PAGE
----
Thursday, 15 October 2015
Calls for a Government “Not-Spot” Debate
Over the last five years, the UK government has been working hard to ensure that its goal of ninety-five per cent of households being connected to superfast broadband by 2017 is met. The whole effort has been in contract with just one company – BT.
However, on October 12th (2015) the House of Commons debated the matter of inadequate broadband coverage that still blights swathes of the country. The issue of the success (or not, as the case may be!) of the government roll-out was also up for debate. As of the time of this writing, the outcome of the session is as yet unknown. Nevertheless, a feisty affair was expected.
What is a “Not-Spot”?
Before we continue, it may be prudent to explain what a “not-spot” is. According to the Macmillan Dictionary, a not-spot is “an area that has no broadband internet or 3G mobile phone coverage, or where this is very slow and unreliable.”
The issue for many of the MPs that attended the House of Commons’ debate, and one of the reasons for the call for a not-spot summit, is the question of if the government’s broadband strategy is working as well as BT’s future as the contracted party.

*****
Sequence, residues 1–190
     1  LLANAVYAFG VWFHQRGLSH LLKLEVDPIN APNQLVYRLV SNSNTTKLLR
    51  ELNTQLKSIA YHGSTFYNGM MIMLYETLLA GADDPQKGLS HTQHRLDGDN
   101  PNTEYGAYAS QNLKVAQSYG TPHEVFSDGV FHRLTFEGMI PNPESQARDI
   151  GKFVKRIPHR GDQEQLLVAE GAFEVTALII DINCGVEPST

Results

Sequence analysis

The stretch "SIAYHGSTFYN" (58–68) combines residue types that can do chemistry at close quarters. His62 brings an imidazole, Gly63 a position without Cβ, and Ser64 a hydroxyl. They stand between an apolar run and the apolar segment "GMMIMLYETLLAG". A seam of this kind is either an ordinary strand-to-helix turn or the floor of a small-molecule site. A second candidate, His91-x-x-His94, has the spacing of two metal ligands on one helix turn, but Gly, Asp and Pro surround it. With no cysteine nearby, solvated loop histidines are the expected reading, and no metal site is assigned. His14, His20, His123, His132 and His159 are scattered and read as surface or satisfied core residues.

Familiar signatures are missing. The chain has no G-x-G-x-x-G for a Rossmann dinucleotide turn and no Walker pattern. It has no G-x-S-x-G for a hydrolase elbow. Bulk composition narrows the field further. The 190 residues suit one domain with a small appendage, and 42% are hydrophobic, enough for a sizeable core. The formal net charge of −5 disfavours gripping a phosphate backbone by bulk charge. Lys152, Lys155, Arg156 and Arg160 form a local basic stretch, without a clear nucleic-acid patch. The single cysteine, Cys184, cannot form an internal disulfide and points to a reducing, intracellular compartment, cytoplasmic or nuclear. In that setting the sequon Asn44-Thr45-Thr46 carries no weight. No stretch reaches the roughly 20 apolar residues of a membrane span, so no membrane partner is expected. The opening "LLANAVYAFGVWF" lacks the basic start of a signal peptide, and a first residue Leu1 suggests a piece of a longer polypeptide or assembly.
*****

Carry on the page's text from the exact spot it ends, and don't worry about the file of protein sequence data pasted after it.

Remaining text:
What about BT’s Future?
Let us elaborate a little on the BT question. The contract between BT and the government was worth a total of £830 million to the company and, although some local campaigners disagree, for the most part everyone else agrees that the UK is actually one of the leaders in Europe when it comes to broadband availability, implementation and pricing.
The issues arising, though, championed by BT’s rivals, are the company’s continued use of copper. Many feel that this ‘betrays’ Britain’s broadband ambitions and that it should be all about fibre optics. Although BT does use fibre optics (upon which superfast broadband depends) as far as the street cabinet, from there it is connected to homes via copper cabling.
To Copper or Not to Copper
BT has thus far been extolling the virtues of its copper network, claiming that not only has it proved adaptable, but new technology (known as g.fast) promises to push speeds to over 300MBps.
BT’s competitors are not convinced, though… and it all boils down to competition. They say that adopting fibre optics across the board will open up the industry to competition, which will then improve service and mean more money is invested in the network. Their answer is that BT should be split up by having to sell its OpenReach arm to allow such competition. BT obviously disagrees,
stating that its current ‘innovations’ might stop occurring.
Ofcom is apparently looking into this and, at the moment, is ‘open-minded’.
The government itself would be against any splitting up of the company, citing the fact that, if it were to transpire, it would be incredibly time-consuming… with the potential to backfire.
It will be interesting to see how all of this pans out, especially in terms of the UK’s current not-spots. Until then, it will be fascinating to watch both sides of the debate bang their heads together.